It has been found upon forming a retort generally in accordance with the description in U.S. Patent Application Ser. No. 929,250, now U.S. Pat. No. 4,192,554, that the fragmented mass of particles in the retort did not completely fill the retort cavity. That is, a void space remained between the upper surface of the fragmented mass and overlying unfragmented formation.
When a void space exists over the top of a fragmented mass in the retort it can be desirable to place a burner in the void space for heating an upper portion of the fragmented mass with limited heating of the overlying unfragmented formation. It is desirable to impinge heated ignition gas on the fragmented mass and minimize radiant heating of overlying formation. A burner is desirable for use in a void space over a fragmented mass which operates essentially independently of the height of such a void space.
This invention is related to the invention disclosed in U.S. Patent Application Ser. No. 47,715, filed June 12, 1979, entitled APPARATUS AND METHOD FOR IGNITING AN IN SITU OIL SHALE RETORT, now U.S. Pat. No. 4,245,701, which is a continuation of U.S. Patent Application Ser. No. 953,477, filed Oct. 23, 1978, by Carlon C. Chambers and now abandoned. These patent applications are incorporated herein by this reference.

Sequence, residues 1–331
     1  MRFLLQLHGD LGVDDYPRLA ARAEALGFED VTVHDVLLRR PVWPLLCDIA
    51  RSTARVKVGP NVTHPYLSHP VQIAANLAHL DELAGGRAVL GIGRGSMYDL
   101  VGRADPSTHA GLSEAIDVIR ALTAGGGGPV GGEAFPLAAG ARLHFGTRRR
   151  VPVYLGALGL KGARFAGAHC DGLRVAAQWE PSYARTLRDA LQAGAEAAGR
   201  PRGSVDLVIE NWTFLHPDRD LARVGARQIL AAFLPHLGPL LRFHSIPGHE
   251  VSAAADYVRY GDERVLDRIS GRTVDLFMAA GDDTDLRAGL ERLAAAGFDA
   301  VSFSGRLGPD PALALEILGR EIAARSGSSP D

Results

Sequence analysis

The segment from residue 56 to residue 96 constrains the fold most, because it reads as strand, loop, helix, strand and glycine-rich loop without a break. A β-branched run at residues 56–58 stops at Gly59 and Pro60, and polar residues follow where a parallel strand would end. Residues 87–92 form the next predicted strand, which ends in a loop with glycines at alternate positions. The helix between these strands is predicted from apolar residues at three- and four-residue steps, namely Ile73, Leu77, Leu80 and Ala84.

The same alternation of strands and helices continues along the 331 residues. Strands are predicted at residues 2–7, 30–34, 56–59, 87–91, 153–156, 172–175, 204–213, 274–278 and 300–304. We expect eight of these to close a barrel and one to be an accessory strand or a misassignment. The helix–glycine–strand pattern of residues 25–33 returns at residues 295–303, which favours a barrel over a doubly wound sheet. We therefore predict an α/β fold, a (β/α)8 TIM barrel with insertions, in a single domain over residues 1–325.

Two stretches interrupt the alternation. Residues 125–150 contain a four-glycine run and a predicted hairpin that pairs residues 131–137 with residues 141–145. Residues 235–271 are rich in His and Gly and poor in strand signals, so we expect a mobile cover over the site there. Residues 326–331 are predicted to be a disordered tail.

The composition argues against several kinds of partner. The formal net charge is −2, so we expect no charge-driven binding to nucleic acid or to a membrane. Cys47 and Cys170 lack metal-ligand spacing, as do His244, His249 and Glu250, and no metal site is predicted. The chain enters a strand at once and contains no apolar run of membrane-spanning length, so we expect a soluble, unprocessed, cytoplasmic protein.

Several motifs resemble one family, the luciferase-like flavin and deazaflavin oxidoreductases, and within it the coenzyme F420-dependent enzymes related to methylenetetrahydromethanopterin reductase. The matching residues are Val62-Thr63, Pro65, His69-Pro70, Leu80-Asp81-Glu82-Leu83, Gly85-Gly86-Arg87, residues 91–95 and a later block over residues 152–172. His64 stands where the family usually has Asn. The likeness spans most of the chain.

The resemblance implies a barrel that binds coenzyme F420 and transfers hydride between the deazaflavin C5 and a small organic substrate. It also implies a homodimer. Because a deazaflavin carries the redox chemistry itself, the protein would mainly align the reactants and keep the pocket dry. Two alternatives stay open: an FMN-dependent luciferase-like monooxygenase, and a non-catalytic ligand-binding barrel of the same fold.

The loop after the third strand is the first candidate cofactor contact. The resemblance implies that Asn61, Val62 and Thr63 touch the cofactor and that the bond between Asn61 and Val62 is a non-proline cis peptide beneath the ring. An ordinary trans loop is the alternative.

A fragmented permeable mass of formation particles in an in situ oil shale retort is ignited in practice of this invention. A hole is formed through unfragmented formation to a void space between the top of the fragmented mass and overlying unfragmented formation. A conduit is extended through the hole into the void space with an open end above the top of the fragmented mass. A burner assembly is centered in the conduit comprising a primary air pipe having an open end above the open end of the conduit and a liquid atomizing fuel nozzle in the primary air pipe above the open end of the primary air pipe. Fuel is introduced through the nozzle, primary air is introduced through the pipe, and secondary air is introduced through the conduit for vortical flow past the open end of the primary air pipe. The resultant fuel and air mixture is ignited for heating an upper portion of the fragmented mass to an ignition temperature.
These and other features and advantages of the present invention will be appreciated as the same becomes better understood by reference to the following detailed description when considered in connection with the accompanying drawings wherein:
FIG. 1 illustrates in semi-schematic vertical cross section a burner system for ignition of an in situ oil shale retort;
FIG. 2 is a fragmentary vertical cross section of an upper portion of the burner system;